RacePak IQ3 Display Install ***PIC HEAVY***
These dashes are very cool pieces. They read values from the CAN Network of most Aftermarket and OEM (OBD-II) ECUs and then display those values on user-configured pages.
Specifically I am using a Haltech branded RacePak IQ3 Display dash for this project.
I won't bother to cover cluster removal/reinstallation because there are already threads out there for that.
I also found disassembly pretty straight forward so there are no pictures to go along with that. I just started removing screws.
What I ended up with was a black gauge trim w/clear plastic cover glued on and the white back shell that housed the gauges and lights.
The first step was to gut the plastic structure from the white back shell. I found a dremel could do this but made one hell of a mess.
I ended up mostly using a razor knife and pliers to score and snap the remaining bits out of the shell.
I cut a rectangular hole in the back of the shell to make clearance for the connectors on the back of the RacePak display and I covered all of the un-needed holes with aluminum HVAC tape because it sticks to anything and conforms so well.
My plan was to sandwich a laser-cut panel between the front black plastic trim and the white back shell so I used a razor-knife to recess the lip of the back shell to give the sandwich panel clearance.
Here is a shot of test fitting the sandwich panel that was laser cut by a friend using a file I made. Notice the holes for the turn signals.
I omitted all of the dummy lights because they are unnecessary. The values displayed on the RacePak like coolant temp, oil pressure and fuel pressure will be programmed with their own warning lights.
I left the high-beam indicator out as well because I felt it wouldn't be missed.
The RacePak dash can display fuel level, but it would need to read the value from either the Haltech ECU or from a VNet module.
I saw this as a waste of money to buy a VNet module just for fuel level, and a waste of an AVI on the ECU so I left the factory fuel level gauge in the cluster.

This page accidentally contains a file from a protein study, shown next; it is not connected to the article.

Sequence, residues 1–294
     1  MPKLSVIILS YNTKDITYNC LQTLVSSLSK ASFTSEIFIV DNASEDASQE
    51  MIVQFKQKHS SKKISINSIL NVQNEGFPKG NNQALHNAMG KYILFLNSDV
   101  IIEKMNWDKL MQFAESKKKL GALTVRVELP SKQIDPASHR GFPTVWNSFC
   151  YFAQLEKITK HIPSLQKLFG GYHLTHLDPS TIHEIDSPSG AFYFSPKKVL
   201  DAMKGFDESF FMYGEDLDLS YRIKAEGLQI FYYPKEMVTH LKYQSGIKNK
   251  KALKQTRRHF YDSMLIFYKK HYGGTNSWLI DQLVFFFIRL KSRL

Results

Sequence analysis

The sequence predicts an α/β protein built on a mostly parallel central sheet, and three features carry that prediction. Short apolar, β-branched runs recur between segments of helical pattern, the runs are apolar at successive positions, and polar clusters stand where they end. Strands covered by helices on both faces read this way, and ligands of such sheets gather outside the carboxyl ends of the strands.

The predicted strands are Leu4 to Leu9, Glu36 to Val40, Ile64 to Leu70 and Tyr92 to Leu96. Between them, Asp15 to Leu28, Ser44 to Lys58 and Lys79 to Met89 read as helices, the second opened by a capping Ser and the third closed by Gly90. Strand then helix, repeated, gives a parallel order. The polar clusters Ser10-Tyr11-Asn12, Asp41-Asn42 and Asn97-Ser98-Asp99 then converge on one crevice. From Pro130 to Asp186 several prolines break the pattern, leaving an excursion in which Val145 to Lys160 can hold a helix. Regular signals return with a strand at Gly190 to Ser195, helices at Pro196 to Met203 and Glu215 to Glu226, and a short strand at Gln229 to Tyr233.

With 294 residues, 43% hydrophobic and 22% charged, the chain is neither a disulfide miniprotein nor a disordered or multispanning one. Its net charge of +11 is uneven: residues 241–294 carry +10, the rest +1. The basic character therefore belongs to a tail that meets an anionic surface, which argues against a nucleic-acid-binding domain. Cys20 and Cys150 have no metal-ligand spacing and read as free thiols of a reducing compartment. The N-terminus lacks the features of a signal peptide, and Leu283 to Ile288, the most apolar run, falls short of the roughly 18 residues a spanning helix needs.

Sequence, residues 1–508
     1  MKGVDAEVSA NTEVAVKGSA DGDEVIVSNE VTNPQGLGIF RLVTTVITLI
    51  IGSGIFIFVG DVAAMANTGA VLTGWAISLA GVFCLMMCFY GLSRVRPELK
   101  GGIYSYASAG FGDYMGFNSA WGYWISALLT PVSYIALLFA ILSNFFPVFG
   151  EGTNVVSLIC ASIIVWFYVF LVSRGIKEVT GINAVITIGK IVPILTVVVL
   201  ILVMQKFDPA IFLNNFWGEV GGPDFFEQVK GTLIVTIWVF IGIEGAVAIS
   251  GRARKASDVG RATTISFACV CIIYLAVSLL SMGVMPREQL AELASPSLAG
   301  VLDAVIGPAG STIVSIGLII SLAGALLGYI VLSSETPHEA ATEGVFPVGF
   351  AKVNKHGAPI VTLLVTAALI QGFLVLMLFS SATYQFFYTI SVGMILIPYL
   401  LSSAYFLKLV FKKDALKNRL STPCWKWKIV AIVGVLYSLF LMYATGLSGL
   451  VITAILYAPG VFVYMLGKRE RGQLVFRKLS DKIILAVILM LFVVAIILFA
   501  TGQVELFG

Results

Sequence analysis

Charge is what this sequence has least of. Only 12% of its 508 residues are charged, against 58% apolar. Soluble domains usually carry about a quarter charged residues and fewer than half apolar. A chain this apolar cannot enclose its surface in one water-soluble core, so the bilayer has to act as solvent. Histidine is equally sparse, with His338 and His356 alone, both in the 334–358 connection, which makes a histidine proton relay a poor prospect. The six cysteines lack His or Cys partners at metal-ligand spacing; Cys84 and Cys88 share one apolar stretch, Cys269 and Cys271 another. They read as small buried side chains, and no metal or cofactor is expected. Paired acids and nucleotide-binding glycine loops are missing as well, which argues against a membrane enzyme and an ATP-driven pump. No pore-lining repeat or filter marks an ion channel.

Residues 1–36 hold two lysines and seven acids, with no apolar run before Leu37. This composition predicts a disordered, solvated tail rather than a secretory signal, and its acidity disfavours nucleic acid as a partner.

Now black it out!
I installed a blue LED bulb in the fuel gauge's factory lighting location and built a shield to keep the light from hotspotting:
Wiring the turn signals.
Semi assembled product on the bench.
Wire **** on the back of the cluster.
As you can see above, I used a DTM12 connector on the cluster to make removal and installation easier on myself.
This meant I had to snip the factory cluster connectors and wire some of the OEM wires to the chassis side of the DTM12 connector.
This included a factory 12v supply, ground, turn signals, illumination circuit and fuel level signal.
Installed the cluster temporarily to check function and connections.
Now to work on the front clear cover and black gauge trim.
First, I had to submerge the assembly in boiling water to weaken the adhesive used to attach the clear cover to the black trim piece.
I found this method in another post and not sure how it works but my hypothesis is that the two plastics expand and contract at different rates and this caused stress fractures where they were joined together and made them much easier to pry apart.
Once I had these two pieces apart I put the clear cover to the side and started on the black trim piece.
I cut with a dremel until the old gauge circles were gone and then sanded and smoothed until there was a nice edge.
I then hit the inside of the trim piece with some flat black to even out the color.
The clear plastic on my donor cluster had seen better days and was in need of a polish. So I broke out some 3 stage plastic polish kit and started polishing.
I Also added a rubber hole plug to the hole that the tripometer reset stalk used to pass through.
I knew from reading numerous threads that re-adhering this clear plastic to the black plastic couldn't be done with many glues because it would fog so I opted for some 3M "Strip-Calk"
This is a butyl rubber adhesive that never really cures but is sag resistant. It is very similar to the black gunk that holds the vapor barriers to the door (the translucent plastic behind your door cards)
Once I had all of my parts ready to re-assemble I sat down at the table inside. Wearing nitrile gloves and using q-tips and isopropyl alcohol I gave everything a really good clean and dusting before reassembly
And here it is installed.
During this time, I added three sensors to replace some of the gauges I was losing.
- Vehicle Speed
- Oil Pressure
- Fuel Pressure
Since the NA6 uses a cable drive speedometer, it's vehicle speed sensor is in the speedometer. Since I was not using the factory speedometer I needed a way to rob that signal for the ECU to see.
What I ended up doing was hacking up the donor cluster's speedometer and mounting it in a project box, then attaching that box to the dash support just behind the cluster. Then I ran wires to the ECU for the signal.
However, that does not seem to be working as well as I had hoped. My first and second calibration tries resulted in a PPM of 2million+ and the speed fluctuates quite a bit while driving.
I am going to give the NB transmission sensor a try soon and hopefully that turns out better.
The pressure sensors were much easier.
Fuel pressure is tapped into the fuel supply line and oil pressure is plumbed to the factory oil pressure location next to the oil filter.